A pair of companies is challenging General Services Administration’s Alliant 2 contract vehicle in court.
The $50 billion Alliant 2 IT contract is again on hold following a third series of bid protests, this time in the U.S. Court of Federal Claims.
Tysons Corner, Virginia-based OBXTek filed a lawsuit in November with the U.S. Court of Federal Claims, and Falls Church, Virginia-based Centech did the same on Dec. 26—days after its bid protest and others were dismissed by the Government Accountability Office.
A General Services Administration spokesperson told Nextgov the agency “is honoring a performance stay as a result” of the latest protest, the contract’s third delay due to protests. In November, GSA awarded 61 vendors a piece of Alliant 2, a governmentwide contract that will supply IT goods and services to agency networks for the next decade.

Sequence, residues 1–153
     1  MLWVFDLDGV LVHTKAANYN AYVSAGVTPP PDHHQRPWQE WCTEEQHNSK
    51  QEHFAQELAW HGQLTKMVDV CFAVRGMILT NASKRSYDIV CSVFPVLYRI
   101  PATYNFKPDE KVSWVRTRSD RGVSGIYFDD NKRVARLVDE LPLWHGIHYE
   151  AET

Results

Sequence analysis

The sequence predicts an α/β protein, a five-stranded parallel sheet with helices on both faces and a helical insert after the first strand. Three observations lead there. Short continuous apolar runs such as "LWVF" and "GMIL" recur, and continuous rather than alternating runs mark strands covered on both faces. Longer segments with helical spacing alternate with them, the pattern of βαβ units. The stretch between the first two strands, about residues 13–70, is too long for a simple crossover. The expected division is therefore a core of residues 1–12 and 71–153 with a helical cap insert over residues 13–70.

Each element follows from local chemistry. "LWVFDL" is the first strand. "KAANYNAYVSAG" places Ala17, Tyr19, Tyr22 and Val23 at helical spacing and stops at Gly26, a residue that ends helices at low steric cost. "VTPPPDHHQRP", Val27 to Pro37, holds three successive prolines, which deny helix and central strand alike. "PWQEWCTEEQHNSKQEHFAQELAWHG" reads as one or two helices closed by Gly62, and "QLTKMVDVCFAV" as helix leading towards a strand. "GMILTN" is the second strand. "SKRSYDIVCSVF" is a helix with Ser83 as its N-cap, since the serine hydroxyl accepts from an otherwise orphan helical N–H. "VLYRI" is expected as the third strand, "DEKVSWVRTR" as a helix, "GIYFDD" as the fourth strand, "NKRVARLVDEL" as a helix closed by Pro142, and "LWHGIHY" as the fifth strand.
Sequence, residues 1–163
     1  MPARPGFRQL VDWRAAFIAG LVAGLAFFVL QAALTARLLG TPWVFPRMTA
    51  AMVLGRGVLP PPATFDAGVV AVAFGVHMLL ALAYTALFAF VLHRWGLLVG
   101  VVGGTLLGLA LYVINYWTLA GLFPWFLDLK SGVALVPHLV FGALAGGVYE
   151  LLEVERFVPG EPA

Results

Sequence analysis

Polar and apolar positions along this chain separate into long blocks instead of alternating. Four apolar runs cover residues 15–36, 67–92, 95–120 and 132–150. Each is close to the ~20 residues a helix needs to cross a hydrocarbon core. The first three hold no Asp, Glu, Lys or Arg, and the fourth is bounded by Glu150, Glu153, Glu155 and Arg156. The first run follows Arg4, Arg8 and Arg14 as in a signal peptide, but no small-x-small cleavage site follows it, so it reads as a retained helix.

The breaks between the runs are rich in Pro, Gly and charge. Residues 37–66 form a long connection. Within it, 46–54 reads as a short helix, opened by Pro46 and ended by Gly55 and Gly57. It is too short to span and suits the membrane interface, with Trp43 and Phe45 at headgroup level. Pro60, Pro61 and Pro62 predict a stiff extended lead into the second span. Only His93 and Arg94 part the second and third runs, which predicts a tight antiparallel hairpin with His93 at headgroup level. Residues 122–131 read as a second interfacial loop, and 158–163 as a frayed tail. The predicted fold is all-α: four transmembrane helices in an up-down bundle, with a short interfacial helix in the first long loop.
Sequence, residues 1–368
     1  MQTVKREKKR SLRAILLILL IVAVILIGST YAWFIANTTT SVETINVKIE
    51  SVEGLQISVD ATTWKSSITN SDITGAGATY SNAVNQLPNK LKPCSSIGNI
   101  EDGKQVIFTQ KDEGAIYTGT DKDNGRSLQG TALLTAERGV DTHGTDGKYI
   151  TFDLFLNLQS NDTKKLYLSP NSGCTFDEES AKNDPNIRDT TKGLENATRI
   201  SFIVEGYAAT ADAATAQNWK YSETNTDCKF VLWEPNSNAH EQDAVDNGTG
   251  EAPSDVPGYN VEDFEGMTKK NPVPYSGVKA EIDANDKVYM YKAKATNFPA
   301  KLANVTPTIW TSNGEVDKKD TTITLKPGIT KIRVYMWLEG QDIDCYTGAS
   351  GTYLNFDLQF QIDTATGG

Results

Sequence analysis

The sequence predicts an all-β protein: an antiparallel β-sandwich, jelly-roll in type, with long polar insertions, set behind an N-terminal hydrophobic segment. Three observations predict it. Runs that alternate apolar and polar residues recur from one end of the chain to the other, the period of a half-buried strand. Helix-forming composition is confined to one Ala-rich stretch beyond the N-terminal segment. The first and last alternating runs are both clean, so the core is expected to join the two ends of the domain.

GAO dismissed five post-award protests to Alliant 2, and dismissed a series of pre-award protests earlier in the year.
The long-planned Alliant 2 is a follow-on to the Alliant vehicle, the contract that supplied many agencies with much of the hardware and software that underpins today’s federal networks. It has survived all protests thus far, in part because of its data-driven, objective selection methodology. The methodology was an offshoot of earlier approach used by GSA in 2013’s One Acquisition Solution for Integrated Services contractors, which also survived a series of protests.
Agencies can still buy services through Alliant, which has a period of performance that ends on April 30, 2019.
Washington Technology’s Ross Wilkers first reported the lawsuits.